“On the contrary, we have always managed to supply electricity to our customers in the most transparent and least cost manner, and is the only distribution utility that has complied with an ERC directive to refund distribution charges by refunding more than 48 billion pesos in 2023,” he added.
However, Junia belied Meralco’s claim of being always transparent, saying that it has, in all cases, “thwarted all motions for production of documents, on one pretext or another.”
He also noted that the ERC has consistently ruled in favor of Meralco.
“If that is transparency, I don’t know what opaque is. If that is fair regulation for consumers, I don’t know what unfair is,” said Junia.
“I hope the new ERC under the present chair vigorously pursues the principles laid down in the latest NGCP ruling, where costs for 2015 to 2022 to be recoverable must pass the criteria of recovery (prudent, reasonable, necessary, recurring and redounding to consumer benefit) based on actual and historical costs as verified and validated,” he added.
Another concern previously pointed out by lawmakers questioning Meralco’s compliance with existing government regulations was the power distributor’s alleged way around the cross-ownership limitation of private power firms, as stated in Section 45 of the Republic Act (RA) No. 9136 or the Electric Power Industry Reform Act of 2001 (EPIRA).
Section 45(b) of EPIRA states that power sectors are allowed cross-ownership. It also states:
“For the purpose of preventing market power abuse between associated firms engaged in generation and distribution, no distribution utility shall be allowed to source from bilateral power supply contracts more than fifty percent (50%) of its total demand from an associated firm engaged in generation but such limitation, however, shall not prejudice contracts entered into prior to the effectivity of this Act.”
However, according to a measure filed last year by representatives of the SAGIP party-list, Meralco was allowed to “circumvent the already generous cross-ownership limitation in the EPIRA.”
House Bill (HB) No. 174, authored by Representatives Caroline Tanchay and Rodante Marcoleta, aimed to amend the EPIRA law. They argued that:
“Section 4(b), Rule 11 of the Implementing Rules and Regulation of the EPIRA unduly expanded the concept of the limits on the concentration of ownership by redefining ‘control’ as the ‘entity controlling the terms and conditions of the prices or quantities of the output of such capacity sold in the market’ instead of’ ‘the power to direct or cause the direction of the management policies of a person by contract, agency or otherwise’ in Section 45 of the EPIRA.”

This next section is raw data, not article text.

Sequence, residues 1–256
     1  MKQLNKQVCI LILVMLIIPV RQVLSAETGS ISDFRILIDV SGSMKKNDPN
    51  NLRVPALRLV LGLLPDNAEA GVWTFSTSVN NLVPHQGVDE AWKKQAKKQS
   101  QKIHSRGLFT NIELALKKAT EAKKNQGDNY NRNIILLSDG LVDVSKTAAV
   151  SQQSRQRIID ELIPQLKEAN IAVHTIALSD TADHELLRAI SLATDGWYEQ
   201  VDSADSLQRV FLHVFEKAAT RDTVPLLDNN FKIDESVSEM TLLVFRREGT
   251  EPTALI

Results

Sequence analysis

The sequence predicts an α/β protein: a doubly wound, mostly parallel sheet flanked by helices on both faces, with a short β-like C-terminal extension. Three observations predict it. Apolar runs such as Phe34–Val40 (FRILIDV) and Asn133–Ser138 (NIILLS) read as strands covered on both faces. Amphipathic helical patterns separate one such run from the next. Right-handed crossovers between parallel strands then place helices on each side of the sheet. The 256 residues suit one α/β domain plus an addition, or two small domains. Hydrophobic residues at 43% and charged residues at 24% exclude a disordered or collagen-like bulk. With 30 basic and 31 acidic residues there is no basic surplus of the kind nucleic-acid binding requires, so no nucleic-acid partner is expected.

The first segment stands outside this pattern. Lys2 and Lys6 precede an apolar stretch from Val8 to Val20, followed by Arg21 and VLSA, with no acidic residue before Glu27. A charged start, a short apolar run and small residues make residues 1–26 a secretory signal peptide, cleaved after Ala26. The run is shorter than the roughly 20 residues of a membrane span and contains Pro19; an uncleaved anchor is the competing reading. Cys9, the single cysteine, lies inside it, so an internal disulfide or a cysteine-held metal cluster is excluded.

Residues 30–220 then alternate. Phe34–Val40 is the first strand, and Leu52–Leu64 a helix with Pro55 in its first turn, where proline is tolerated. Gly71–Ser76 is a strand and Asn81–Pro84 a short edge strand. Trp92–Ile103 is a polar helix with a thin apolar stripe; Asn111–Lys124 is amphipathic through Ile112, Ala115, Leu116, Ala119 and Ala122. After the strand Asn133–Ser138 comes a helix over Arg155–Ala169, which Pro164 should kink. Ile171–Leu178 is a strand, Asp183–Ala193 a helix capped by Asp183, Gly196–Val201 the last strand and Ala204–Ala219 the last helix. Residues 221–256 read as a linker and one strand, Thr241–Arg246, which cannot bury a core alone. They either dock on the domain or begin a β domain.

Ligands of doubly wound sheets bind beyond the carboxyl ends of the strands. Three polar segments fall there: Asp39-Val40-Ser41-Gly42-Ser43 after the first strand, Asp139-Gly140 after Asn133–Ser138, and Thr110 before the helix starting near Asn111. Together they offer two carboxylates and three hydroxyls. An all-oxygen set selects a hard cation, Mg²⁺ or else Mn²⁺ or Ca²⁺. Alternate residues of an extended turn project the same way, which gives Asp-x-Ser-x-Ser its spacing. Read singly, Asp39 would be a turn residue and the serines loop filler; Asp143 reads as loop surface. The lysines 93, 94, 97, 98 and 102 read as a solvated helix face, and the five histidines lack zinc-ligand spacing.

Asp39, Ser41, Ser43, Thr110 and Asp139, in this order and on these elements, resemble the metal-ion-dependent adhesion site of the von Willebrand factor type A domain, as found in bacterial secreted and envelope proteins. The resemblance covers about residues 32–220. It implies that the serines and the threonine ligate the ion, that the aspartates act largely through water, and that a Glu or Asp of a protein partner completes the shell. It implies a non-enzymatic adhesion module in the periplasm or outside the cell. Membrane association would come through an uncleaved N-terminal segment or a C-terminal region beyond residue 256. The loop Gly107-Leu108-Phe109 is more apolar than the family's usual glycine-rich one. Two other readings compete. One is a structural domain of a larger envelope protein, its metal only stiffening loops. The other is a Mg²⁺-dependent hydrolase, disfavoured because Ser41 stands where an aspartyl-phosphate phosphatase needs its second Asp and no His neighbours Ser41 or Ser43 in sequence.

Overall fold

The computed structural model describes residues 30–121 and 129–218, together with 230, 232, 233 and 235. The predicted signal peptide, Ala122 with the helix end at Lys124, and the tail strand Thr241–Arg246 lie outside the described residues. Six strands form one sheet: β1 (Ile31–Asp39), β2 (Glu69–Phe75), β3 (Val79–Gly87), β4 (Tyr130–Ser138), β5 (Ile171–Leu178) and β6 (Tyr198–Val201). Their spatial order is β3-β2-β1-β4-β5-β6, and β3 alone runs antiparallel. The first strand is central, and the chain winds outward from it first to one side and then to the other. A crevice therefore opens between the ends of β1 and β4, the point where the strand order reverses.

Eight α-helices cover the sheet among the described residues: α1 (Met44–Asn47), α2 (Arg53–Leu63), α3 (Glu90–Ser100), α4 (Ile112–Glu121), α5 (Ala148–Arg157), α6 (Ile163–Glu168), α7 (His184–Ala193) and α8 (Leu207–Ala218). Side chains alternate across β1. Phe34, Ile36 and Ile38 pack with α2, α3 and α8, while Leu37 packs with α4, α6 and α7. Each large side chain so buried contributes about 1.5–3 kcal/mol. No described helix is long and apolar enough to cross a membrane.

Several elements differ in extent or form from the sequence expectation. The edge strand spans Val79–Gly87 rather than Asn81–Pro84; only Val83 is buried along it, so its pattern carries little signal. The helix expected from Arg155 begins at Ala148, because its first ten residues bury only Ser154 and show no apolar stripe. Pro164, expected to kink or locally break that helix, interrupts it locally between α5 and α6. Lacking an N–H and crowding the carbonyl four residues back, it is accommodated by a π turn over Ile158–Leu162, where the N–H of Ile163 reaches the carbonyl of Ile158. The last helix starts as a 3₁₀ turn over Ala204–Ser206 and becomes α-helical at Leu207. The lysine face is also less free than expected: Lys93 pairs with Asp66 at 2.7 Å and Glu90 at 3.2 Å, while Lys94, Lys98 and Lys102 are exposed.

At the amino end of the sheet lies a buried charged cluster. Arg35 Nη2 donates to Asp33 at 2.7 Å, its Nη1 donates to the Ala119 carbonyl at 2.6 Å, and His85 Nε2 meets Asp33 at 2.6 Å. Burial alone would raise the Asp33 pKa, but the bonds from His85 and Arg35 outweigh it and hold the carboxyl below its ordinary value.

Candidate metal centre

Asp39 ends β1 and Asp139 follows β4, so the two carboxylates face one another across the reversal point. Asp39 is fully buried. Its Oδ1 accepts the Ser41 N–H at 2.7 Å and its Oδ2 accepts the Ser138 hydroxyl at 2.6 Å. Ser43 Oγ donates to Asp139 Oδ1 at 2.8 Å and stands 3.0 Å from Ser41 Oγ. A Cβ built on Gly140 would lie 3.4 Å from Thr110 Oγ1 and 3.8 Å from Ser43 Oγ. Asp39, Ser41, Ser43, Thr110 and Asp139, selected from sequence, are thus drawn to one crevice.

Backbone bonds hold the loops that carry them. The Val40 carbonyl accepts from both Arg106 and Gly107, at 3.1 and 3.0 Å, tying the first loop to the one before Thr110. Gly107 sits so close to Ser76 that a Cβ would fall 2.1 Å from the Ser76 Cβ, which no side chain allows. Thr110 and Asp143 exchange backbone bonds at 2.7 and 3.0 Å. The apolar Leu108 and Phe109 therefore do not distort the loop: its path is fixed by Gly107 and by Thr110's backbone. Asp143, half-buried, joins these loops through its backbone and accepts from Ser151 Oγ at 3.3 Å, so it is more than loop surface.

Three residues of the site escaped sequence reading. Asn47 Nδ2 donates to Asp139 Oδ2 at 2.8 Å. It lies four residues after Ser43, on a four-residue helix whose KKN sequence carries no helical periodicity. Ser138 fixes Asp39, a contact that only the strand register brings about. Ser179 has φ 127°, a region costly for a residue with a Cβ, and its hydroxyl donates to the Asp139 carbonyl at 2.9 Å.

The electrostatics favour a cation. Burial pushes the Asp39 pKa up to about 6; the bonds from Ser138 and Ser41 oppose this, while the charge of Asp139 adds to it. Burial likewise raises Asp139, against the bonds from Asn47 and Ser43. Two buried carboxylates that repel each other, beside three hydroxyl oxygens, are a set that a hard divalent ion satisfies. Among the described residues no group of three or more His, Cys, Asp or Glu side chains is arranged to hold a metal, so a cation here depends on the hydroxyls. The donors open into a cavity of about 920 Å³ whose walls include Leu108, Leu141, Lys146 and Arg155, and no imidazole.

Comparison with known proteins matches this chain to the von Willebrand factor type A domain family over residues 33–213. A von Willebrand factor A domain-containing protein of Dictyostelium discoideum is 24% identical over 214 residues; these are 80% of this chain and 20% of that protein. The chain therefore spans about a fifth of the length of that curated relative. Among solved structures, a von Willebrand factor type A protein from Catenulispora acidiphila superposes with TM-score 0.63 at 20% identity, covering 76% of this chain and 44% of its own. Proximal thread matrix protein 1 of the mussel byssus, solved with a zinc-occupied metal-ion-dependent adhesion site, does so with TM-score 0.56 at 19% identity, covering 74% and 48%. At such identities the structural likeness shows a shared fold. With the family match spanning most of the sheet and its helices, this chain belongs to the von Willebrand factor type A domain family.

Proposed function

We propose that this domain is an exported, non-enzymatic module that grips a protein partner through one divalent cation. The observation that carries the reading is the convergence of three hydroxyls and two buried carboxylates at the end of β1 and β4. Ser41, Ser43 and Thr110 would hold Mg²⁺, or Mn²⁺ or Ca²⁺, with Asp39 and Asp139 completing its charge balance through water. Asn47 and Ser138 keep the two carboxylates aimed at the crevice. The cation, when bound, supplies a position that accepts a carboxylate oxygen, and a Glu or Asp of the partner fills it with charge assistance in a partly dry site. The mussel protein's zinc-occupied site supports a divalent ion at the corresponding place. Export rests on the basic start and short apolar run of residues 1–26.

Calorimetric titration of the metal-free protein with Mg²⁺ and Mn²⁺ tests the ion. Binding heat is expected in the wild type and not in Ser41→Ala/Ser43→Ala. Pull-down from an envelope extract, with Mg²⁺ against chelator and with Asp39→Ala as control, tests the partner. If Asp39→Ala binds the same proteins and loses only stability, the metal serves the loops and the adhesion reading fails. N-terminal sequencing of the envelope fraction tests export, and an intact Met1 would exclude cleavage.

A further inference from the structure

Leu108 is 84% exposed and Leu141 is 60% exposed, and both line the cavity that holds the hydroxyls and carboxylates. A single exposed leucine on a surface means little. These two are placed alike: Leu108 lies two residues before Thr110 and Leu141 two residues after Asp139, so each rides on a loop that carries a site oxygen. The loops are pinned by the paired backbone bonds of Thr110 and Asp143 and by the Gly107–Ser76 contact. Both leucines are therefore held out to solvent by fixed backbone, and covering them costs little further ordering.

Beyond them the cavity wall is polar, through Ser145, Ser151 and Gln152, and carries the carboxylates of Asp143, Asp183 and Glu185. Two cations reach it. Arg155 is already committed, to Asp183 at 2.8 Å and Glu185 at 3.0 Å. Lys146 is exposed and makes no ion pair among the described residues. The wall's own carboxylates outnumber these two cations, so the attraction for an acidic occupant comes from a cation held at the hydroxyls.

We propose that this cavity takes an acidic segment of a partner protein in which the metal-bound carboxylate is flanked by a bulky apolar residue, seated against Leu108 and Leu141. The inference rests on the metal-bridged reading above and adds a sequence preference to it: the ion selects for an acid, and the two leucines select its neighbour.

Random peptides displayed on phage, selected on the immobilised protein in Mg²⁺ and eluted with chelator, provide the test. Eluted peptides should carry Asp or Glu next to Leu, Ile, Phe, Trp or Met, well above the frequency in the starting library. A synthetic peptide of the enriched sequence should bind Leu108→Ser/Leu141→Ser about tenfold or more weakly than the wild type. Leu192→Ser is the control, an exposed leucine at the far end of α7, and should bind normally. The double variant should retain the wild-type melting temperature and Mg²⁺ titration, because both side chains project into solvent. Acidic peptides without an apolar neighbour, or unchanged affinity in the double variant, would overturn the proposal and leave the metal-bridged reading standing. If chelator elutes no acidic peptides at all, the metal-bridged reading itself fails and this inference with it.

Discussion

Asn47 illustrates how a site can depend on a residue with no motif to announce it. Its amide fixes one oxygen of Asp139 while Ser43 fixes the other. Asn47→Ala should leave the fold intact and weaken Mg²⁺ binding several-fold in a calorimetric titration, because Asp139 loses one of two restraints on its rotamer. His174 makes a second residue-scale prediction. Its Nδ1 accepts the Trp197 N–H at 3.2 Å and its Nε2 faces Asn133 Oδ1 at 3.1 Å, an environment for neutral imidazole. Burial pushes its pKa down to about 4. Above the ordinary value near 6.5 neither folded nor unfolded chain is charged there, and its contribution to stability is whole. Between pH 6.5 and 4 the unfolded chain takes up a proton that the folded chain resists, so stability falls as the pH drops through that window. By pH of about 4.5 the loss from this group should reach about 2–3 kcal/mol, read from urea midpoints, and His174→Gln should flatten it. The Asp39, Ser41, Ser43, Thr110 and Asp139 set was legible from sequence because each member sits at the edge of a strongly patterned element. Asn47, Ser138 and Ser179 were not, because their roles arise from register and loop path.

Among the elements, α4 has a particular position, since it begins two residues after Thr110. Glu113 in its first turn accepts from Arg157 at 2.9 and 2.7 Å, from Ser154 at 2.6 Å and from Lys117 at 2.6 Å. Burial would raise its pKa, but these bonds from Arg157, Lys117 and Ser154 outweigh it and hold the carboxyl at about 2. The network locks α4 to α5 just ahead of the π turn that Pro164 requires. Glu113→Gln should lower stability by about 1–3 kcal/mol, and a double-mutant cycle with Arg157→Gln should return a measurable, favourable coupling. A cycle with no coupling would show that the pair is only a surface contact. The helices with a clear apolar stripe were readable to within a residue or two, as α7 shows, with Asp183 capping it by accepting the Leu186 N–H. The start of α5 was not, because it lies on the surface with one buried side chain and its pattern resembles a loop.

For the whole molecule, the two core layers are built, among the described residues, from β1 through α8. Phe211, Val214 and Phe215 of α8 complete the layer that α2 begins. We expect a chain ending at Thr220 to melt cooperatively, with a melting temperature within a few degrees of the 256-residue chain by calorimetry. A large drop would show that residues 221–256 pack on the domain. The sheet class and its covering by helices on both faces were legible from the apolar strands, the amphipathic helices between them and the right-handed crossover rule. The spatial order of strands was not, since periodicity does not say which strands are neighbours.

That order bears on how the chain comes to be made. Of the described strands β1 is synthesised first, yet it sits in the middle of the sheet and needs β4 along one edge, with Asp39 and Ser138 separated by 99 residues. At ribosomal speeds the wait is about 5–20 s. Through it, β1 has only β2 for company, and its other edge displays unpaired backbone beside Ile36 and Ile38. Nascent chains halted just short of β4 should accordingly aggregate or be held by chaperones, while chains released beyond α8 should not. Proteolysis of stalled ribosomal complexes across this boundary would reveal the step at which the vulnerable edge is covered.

“For instance, the Manila Electric Company (Meralco) is known to be the biggest
distributor of electricity in Luzon. Meralco, through its Powergen Corporation (MGEN) can
easily be categorized as an energy cartel,” they said, adding that the power distributor has ownership in the following:
- 51% of the 455MW San Buenaventura Power Plant expansion in Mauban, Quezon
- 100% of the Global Business Power Corporation (GBP), GBP in turn, owns 50% interest in Alsons Thermal Energy Corp. (ATEC)
- ATEC, in turn, holds 75% interest in Sarangani Energy Corporation’s 237MW coal-fired power plant in Sarangani and a 120MW coal-fired power plant in Zamboanga.
In 2017, electric consumers with civil society groups bared that based on Meralco’s 2016 Annual Report, its power supply agreement (PSA) partners are actually their subsidiaries, associates and/or joint venture partners.
“This is nothing but a clear connivance between Meralco and the said generation companies—a deal made out of mutual benefits and equal exchange of favors, just like how ‘sweethearts’ do,” said Erwin Puhawan of the Freedom from Debt Coalition (FDC).
“If the PSAs would push through, Meralco would have freedom to exercise influence over the cost of both the generation and the distribution of electricity,” he added.
‘Practice energy efficiently’
Amid the ongoing discussions caused by the continuous increase in power rates, Meralco urged the public to practice energy efficiency to better manage their electricity consumption.
“Some energy saving tips that customers can practice include unplugging appliances when not in use, regular cleaning of air conditioner filters to optimize its use and using LED bulbs for cost-saving lighting,” Meralco said.
“Meralco customers can also have better control of their monthly electricity bills with the help of the Meralco Mobile App Appliance Calculator that provides information on the energy consumption of appliances and gadgets,” it added.